New Jersey Recycling Equipment Exemption Applies to Equipment that Could Have Non-exempt Uses

Wednesday, July 10th, 2013

New Jersey

The New Jersey Tax Court recently determined that recycling machinery was exempt even if it could be put to non-exempt use.

The taxpayer had a tree removal, tree trimming, land clearing, and tree recycling business. The taxpayer bought an excavator, which it used to feed trees and tree products into a tub grinder to create mulch at its recycling facility. The tub grinder was exempt recycling equipment. Although the excavator was mobile, the taxpayer did not move it from its place in the recycling facility. The taxpayer also bought a skid loader to move the mulch from the tub grinder to piles for storage or transfer to customers.

New Jersey exempts sales of equipment used "exclusively to sort and prepare solid waste for recycling or in the recycling of solid waste." The exemption does not apply to conventional motor vehicles or to equipment used after the first marketable product is produced. The Division of Taxation had previously interpreted the exemption to apply only to equipment that could only be used for recycling.

The Tax Court determined that the excavator and the skid loader qualified for exemption. Relying on the plain meaning of the statute, the court held that the recycling exemption applied to equipment even if it could be used for other things. As long as the equipment was not actually used for anything other than recycling, it qualified for exemption. Because the excavator and skid loader were exclusively used in recycling, it did not matter that they could potentially be used for other things. Both the excavator and the skid loader were integral parts of the recycling process that produced mulch and were therefore exempt.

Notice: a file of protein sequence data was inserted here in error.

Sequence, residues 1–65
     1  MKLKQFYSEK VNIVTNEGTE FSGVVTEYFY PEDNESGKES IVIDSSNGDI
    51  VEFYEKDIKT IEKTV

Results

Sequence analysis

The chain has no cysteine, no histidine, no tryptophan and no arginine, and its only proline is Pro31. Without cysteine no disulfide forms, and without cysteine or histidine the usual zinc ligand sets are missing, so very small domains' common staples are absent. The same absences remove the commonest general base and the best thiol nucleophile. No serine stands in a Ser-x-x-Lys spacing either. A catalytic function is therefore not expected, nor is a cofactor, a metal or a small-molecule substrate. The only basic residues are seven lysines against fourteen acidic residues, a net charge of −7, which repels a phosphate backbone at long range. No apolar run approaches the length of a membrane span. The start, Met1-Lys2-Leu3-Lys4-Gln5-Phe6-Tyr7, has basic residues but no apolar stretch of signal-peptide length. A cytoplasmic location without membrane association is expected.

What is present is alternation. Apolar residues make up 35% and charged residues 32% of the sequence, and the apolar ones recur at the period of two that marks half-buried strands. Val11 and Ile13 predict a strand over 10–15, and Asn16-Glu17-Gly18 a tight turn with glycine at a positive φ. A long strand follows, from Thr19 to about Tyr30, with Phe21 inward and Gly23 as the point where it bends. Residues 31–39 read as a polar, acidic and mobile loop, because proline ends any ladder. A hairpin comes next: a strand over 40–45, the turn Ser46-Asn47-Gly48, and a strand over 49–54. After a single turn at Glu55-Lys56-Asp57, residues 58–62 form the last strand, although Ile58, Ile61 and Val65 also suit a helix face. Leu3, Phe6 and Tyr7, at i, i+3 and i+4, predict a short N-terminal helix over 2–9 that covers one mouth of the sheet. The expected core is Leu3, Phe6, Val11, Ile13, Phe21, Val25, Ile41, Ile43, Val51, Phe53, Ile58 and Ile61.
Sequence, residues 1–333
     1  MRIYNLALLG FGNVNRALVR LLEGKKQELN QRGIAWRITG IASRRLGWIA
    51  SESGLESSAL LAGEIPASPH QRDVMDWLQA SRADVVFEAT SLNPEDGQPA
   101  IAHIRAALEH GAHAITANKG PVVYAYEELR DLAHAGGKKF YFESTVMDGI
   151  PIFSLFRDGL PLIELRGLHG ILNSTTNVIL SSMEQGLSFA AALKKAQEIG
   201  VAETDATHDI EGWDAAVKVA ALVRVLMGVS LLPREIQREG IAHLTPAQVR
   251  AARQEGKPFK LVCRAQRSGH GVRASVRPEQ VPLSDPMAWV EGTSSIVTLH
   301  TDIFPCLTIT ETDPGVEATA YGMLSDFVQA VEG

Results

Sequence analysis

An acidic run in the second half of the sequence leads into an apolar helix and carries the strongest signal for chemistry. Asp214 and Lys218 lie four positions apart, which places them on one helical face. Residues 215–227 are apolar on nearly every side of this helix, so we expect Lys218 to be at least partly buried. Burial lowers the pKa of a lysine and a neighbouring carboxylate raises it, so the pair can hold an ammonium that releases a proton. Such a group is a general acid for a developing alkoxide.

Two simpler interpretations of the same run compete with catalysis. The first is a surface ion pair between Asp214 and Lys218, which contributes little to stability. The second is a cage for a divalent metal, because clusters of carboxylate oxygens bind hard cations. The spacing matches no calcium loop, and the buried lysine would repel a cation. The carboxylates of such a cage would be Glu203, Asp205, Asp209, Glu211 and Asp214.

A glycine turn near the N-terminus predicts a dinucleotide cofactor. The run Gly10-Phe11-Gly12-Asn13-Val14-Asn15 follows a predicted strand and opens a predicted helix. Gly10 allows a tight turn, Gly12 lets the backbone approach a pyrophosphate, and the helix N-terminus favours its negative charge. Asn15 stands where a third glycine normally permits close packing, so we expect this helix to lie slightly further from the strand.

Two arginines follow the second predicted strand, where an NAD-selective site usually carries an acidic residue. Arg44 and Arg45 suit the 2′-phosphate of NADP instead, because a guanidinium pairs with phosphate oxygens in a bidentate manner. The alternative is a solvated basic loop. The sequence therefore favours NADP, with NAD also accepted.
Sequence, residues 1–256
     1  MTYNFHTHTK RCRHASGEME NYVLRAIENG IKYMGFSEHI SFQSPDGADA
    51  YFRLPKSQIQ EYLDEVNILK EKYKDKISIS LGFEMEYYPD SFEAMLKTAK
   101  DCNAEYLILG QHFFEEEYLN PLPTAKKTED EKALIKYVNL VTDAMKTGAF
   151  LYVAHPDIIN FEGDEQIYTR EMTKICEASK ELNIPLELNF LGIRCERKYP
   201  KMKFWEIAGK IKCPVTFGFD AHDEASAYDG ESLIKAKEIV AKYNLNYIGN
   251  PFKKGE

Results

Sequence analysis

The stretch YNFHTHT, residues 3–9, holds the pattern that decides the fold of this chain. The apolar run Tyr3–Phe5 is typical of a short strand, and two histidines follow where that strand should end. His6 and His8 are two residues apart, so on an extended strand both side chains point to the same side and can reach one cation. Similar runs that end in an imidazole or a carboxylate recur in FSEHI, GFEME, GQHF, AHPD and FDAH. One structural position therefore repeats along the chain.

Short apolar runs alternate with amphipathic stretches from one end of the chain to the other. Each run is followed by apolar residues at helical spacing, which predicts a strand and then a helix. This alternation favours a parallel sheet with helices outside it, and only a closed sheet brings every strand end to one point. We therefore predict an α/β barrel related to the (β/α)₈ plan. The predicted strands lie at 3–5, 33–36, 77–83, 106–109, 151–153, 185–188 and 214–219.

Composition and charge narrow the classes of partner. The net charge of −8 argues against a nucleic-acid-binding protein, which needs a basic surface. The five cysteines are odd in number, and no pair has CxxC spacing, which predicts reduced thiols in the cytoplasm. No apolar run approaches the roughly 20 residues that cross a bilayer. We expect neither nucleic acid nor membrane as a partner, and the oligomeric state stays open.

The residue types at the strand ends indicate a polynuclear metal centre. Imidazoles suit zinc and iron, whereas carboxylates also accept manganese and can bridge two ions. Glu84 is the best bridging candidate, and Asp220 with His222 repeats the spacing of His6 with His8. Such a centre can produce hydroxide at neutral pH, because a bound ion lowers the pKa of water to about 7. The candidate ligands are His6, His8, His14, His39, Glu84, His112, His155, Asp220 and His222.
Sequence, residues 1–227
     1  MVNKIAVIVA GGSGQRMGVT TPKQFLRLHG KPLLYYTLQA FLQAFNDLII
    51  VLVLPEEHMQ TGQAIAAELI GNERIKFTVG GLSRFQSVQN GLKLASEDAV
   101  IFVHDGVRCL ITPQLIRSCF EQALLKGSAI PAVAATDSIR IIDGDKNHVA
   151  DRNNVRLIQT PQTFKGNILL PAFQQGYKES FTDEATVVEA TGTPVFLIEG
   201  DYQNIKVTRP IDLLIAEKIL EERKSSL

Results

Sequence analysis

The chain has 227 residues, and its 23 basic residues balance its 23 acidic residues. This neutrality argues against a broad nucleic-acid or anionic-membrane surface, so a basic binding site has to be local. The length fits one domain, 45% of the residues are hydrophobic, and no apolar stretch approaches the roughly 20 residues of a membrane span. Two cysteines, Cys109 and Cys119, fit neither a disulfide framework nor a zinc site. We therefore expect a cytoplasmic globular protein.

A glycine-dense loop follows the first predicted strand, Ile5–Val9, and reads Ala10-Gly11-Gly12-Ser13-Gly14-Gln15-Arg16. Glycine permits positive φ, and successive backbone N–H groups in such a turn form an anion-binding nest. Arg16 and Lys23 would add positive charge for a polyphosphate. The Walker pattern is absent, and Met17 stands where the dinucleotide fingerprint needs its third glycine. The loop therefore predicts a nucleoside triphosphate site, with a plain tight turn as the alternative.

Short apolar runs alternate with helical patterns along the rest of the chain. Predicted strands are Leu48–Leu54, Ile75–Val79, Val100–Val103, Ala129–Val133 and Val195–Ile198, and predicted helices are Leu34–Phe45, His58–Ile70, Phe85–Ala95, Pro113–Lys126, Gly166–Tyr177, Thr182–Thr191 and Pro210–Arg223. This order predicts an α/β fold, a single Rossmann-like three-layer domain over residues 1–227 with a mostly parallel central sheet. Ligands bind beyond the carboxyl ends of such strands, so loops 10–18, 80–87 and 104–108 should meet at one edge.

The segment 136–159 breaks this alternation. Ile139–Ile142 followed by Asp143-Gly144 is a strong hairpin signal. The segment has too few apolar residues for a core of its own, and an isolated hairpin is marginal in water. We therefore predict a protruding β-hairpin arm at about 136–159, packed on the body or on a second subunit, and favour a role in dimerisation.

About TTR

Transaction (buying or selling things), Tax (the tax on this activity), Resources (our people, our website, our support services) - TTR, Inc.

TTR has a website that companies subscribe to and use daily. This website provides a list of everything that can be bought or sold in the U.S. It provides simple answers to whether buying or selling these items is taxable (subject to a sales tax or other tax), and it provides all the legal authority to support these tax answers.

TTR likes to keep things simple and fun, which is why it has great people who provide help to clients on any support questions they have about transaction tax issues.

Please visit TTR on the web at or call 866.578.8193.

Vehicles Used to Transport Materials between Facilities...

Wednesday, August 15th, 2018 -The Arkansas Department of Finance and Administration recently ruled that a vehicle used to transport in-proce...

Economic Nexus in Washington

Monday, August 13th, 2018 -Effective October 1, 2018, certain out-of-state businesses will be required to collect and pay Washington sale...

Economic Nexus in Michigan

Thursday, August 9th, 2018 -Effective October 1, 2018, certain out-of-state sellers will be required to collect and pay Michigan sales or ...

Georgia Suspends Tax on Jet Fuel

Wednesday, August 8th, 2018 -Effective August 1, 2018, Georgia no longer collects state level sales and use tax on jet fuel. Georgia tax...

Employment Services Contracts for Permanent Employees Not...

Monday, August 6th, 2018 -The Ohio Board of Tax Appeals recently addressed whether contracts entered into by an employment services agen...

Alarm Systems and Monitoring Not Taxable in Missouri

Wednesday, August 1st, 2018 -The Missouri Department of Revenue recently released a ruling determining that (1) security, fire, tornado, an...